Take the 2-minute tour ×
Personal Finance & Money Stack Exchange is a question and answer site for people who want to be financially literate. It's 100% free, no registration required.

As a non-English-native person, I somehow find it difficult to understand the following: When an account is said to be debited, what does this mean? How does this differ from an account that is credited? Both seem to be checking(withdrawal-possible) account, and I am having difficulty distinguishing these two. How do they differ in some math-quantity understanding in economics?

share|improve this question
3  
This is an accounting question, not a math question. But see en.wikipedia.org/wiki/Debits_and_credits. Beware that common usage differs from the usage in accounting, probably because of people confusing a bank's point of view with a depositor's point of view. –  Trevor Wilson Oct 13 '12 at 2:43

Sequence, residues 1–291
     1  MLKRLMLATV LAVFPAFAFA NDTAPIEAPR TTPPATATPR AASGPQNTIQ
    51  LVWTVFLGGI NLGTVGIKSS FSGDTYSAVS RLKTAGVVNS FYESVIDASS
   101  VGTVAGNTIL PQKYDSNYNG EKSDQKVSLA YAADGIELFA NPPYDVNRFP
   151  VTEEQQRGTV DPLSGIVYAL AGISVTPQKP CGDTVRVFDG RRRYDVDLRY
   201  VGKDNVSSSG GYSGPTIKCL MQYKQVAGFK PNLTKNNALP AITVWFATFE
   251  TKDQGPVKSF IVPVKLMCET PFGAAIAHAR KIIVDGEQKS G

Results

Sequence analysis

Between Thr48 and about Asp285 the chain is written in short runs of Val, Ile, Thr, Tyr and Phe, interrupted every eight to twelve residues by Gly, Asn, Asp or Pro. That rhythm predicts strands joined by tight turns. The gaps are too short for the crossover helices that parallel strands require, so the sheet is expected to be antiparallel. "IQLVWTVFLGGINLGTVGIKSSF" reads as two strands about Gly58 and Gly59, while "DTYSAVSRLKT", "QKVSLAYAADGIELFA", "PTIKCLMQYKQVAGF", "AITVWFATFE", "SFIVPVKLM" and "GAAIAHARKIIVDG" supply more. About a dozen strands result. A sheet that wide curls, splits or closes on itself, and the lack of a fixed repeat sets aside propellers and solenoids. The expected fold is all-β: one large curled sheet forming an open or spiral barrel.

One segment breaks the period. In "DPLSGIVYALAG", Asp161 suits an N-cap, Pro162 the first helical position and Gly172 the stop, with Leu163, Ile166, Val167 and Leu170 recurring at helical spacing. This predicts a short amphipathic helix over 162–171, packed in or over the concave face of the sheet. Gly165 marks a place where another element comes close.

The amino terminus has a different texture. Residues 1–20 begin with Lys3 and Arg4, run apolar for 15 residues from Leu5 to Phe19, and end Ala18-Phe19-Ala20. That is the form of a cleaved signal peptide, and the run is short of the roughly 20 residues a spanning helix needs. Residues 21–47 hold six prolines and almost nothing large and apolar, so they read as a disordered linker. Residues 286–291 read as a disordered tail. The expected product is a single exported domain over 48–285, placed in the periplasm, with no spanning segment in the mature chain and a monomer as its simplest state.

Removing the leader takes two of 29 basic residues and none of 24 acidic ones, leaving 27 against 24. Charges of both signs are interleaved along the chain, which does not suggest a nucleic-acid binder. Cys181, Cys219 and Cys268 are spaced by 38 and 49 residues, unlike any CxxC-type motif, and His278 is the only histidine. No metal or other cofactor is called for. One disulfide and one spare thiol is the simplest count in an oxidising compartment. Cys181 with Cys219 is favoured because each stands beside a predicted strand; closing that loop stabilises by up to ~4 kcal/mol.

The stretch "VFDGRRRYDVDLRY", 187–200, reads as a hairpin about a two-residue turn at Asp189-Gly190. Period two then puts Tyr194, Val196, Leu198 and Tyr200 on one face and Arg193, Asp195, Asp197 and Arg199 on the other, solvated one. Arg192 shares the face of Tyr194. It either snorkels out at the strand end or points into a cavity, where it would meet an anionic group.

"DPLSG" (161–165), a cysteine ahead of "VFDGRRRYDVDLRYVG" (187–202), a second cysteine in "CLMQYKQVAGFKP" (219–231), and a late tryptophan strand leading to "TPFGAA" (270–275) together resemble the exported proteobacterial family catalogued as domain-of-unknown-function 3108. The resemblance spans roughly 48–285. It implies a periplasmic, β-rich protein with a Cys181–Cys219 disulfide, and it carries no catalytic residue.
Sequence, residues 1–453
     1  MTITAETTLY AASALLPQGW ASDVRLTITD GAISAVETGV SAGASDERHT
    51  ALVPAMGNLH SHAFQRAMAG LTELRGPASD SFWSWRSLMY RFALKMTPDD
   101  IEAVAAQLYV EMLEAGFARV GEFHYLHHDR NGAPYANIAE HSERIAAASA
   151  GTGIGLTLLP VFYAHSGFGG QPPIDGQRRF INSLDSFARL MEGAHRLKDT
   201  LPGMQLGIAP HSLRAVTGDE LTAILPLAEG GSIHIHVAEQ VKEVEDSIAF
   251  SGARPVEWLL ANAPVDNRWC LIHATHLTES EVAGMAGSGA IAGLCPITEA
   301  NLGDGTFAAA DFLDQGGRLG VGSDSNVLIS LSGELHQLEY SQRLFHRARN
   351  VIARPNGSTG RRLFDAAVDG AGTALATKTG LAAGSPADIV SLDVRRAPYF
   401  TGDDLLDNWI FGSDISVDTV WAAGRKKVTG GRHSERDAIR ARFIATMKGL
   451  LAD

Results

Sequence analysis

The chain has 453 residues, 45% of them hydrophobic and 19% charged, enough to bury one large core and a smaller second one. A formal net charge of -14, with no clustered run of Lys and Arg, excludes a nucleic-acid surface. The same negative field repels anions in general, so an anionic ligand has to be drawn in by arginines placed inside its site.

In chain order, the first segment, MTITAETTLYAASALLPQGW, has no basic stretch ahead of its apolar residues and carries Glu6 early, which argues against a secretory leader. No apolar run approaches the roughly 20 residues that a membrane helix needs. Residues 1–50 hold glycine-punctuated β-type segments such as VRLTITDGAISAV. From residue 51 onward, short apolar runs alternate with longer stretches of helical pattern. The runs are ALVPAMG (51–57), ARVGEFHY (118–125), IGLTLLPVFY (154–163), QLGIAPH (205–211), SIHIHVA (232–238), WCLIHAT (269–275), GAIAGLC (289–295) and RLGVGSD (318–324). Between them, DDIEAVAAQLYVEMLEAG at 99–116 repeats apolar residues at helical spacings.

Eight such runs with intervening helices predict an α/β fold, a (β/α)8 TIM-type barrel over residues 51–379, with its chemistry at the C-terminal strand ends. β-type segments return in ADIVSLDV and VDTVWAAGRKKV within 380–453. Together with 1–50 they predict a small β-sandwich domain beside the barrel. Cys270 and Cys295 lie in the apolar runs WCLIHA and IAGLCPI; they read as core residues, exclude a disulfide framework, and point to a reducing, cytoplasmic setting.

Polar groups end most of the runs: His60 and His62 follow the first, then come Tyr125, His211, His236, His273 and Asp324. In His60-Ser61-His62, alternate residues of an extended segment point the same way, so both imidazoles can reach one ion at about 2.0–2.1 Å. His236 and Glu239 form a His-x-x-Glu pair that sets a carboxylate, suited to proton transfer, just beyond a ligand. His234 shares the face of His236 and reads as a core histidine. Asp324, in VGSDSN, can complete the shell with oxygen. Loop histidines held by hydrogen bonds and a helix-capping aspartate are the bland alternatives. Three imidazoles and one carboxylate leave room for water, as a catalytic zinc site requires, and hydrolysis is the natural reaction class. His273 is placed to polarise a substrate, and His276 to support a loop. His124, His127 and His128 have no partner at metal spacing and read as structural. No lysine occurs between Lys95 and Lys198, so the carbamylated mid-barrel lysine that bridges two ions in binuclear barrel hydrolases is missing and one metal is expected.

If your account is credited, you have gotten money, not lost money. Do you mean to distinguish between credit cards and debit cards? –  Neal Oct 13 '12 at 2:58
add comment

migrated from math.stackexchange.com Oct 13 '12 at 3:05

This question came from our site for people studying math at any level and professionals in related fields.

1 Answer

I'm not sure if this is your point of confusion, but when an account is said to be debited (or credited), the words "debited" or "credited" are not referring to a type of account (such as "checking"). They are referring to an operation that is performed on an account. The same account can be credited at one time and debited at another time.

share|improve this answer
add comment

Your Answer

 
discard

By posting your answer, you agree to the privacy policy and terms of service.